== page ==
Indonesia's Muslims urge more support for Myanmar's Rohingyas

Indonesia's Muslims urge more support for Myanmar's Rohingyas
By Euronews
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Protesters in Jakarta vowed to stand by their "Muslim brothers and sisters" fleeing what the United Nations has called a campaign of "ethnic cleansing" in Myanmar.


Thousands rallied in the Indonesian capital Jakarta on Saturday, in solidarity with the Rohingya Muslims fleeing what the United Nations has branded “ethnic cleansing” in Myanmar.

Indonesia has the world’s largest Muslim population, and its leaders are under pressure to do more to help the Rohingyas persecuted in mainly Buddhist Myanmar.

Waving Indonesian flags and holding up placards, people clad in white vowed to stand by their “Muslim brothers and sisters in Myanmar” in a rock-concert style event at Jakarta’s landmark, National Monument.

The demonstration was also attended by the leaders of various religious communities, including Christians and Buddhists.

Protesters held banners reading “Stop the genocide of Rohingya” and “Stop crimes against humanity.”

“We encourage the Indonesian government to provide more assistance to the Rohingya Muslims who are currently in refugee camps. They still need a lot of help from Muslims in Indonesia,” said demonstrator Ayub Bahruddin.

Yusma Niar, another protester, suggested the Indonesian government could send troops and equipment to the Muslim fighters who want to go to Myanmar to help the Rohingyas.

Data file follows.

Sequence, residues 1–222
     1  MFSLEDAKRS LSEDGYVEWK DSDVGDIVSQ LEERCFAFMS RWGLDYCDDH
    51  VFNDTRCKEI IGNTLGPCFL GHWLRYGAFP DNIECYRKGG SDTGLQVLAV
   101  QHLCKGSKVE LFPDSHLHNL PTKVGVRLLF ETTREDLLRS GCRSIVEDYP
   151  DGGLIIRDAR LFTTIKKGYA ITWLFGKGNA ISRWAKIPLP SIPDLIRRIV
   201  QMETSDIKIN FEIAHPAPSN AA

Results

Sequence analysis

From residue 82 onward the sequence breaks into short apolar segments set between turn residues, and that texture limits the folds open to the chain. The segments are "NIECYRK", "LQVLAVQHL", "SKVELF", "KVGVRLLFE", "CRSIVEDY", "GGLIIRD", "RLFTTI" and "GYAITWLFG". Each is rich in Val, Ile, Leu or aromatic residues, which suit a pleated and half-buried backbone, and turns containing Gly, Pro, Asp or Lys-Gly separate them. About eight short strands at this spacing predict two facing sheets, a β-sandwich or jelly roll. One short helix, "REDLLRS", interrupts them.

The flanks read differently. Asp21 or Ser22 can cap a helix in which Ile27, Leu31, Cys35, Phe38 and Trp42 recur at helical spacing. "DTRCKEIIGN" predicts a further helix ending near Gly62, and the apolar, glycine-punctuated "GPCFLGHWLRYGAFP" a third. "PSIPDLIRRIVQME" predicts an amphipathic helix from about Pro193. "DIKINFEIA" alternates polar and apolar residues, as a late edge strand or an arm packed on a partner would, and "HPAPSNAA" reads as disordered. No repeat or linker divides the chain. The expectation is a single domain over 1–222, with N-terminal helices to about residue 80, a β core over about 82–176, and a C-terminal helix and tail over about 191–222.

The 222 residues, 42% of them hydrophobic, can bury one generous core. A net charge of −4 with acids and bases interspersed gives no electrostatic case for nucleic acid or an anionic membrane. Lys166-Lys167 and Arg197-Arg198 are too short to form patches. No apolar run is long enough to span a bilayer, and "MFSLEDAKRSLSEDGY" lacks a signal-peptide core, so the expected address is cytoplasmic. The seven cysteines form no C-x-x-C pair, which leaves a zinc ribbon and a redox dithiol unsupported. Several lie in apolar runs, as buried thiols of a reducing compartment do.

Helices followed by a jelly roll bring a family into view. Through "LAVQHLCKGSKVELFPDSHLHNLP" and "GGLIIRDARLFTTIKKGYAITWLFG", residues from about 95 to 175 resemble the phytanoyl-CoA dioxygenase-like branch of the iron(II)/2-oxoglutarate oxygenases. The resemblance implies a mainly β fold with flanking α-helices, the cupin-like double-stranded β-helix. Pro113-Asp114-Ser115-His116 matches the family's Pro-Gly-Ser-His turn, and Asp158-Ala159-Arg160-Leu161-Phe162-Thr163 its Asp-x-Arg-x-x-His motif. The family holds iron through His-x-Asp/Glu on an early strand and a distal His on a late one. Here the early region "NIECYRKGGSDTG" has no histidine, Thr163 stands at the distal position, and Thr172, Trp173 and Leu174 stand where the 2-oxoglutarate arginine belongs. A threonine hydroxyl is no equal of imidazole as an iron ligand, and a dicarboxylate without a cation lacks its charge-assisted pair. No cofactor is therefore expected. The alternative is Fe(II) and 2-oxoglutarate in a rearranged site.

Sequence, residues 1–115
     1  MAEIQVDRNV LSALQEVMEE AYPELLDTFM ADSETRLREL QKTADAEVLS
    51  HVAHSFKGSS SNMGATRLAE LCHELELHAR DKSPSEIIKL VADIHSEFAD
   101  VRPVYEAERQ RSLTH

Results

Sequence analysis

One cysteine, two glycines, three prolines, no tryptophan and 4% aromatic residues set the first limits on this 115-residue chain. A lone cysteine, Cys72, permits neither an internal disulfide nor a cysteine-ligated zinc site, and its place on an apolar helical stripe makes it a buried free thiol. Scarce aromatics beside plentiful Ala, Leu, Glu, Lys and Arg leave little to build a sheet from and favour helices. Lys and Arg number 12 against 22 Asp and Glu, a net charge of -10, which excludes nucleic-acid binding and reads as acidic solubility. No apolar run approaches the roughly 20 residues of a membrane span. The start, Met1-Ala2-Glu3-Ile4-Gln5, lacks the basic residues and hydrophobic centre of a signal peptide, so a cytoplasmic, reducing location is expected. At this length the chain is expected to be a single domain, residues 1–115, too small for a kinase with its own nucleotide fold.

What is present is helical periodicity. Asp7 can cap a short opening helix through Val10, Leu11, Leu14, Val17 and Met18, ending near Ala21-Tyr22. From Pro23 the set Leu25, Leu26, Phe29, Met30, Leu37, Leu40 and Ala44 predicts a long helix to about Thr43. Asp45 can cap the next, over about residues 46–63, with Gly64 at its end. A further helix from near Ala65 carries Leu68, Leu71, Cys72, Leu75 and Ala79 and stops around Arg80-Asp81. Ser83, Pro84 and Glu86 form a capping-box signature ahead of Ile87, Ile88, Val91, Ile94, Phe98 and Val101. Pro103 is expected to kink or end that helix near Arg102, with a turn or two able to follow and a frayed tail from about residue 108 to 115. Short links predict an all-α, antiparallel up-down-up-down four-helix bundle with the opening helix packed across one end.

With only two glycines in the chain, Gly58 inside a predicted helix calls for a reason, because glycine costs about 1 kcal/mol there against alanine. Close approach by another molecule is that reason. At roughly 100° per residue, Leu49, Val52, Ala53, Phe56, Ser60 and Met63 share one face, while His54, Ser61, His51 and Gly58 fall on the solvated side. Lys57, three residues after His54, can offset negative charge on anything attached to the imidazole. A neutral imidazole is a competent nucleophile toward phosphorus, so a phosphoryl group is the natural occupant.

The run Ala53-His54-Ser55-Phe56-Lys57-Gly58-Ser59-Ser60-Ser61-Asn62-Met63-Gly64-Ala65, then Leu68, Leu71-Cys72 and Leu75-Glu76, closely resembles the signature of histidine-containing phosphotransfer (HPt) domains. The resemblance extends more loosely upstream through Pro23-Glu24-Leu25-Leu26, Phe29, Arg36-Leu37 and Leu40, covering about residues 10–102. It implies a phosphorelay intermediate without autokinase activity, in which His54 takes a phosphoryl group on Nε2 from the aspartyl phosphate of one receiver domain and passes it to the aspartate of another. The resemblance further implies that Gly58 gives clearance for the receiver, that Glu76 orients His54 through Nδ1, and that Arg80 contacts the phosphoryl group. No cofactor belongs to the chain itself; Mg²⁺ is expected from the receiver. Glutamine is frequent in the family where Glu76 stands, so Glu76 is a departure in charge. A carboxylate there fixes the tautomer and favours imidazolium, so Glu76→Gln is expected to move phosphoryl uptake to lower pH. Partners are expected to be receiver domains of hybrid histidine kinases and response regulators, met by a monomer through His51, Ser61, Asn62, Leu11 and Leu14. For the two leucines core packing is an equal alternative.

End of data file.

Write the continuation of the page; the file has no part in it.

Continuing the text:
The Indonesian government sent four aircraft containing humanitarian aid to Rohingya Muslims last week.

Protesters in #Jakarta hold up various signs of their demands for the

— Chandni Vatvani (@ChandniCNA) September 16, 2017

Villages torched

Since last month, nearly 400,000 Rohingya Muslims have fled to Bangladesh following a military crackdown in Myanmar’s Rakhine state.

Myanmar authorities reject the accusations of ethnic cleansing and say they’re targeting insurgents in response to attacks against police and paramilitary posts.

But NGOs say Muslims civilians are suffering a campaign of violence and arson aimed at driving them out of the country, where they are regarded as illegal migrants.

More than 430 people have been killed, most of them insurgents, and about 30,000 non-Muslim villagers have been displaced, Myanmar has said.

Human Rights Watch said satellite imagery showed 62 Rohingya villages had been torched.

U.N. Secretary-General Antonio Guterres and the U.N. Security Council have urged Myanmar to end the violence, which Guterres said could best be described as ethnic cleansing.

Myanmar under pressure

Meanwhile, Bangladesh accused Myanmar of repeatedly violating its airspace and warned that any more “provocative acts” could have “unwarranted consequences”, raising the risk of a deterioration in relations already strained by the Rohingya refugee crisis.

Bangladesh said Myanmar drones and helicopters had violated its airspace three times – on Sept. 10, 12 and 14 – and that it had called in a top Myanmar embassy official in Dhaka to complain.


A Myanmar government spokesman said he did not have information about the incidents Bangladesh had complained about, but Myanmar had denied an earlier accusation.

“Our two countries are facing the refugee crisis. We need to collaborate with good understanding,” he told Reuters.

Bangladesh has said all refugees must go home. Myanmar has said it will take back those who can verify their citizenship, but most Rohingyas are stateless.

The conflict has led to a humanitarian crisis on both sides of the border and raised questions about Myanmar’s path under the leadership of Nobel laureate Aung San Suu Kyi after nearly 50 years of strict military rule.

The generals still control national security policy but Suu Kyi has been widely criticised abroad for not stopping or condemning the violence.

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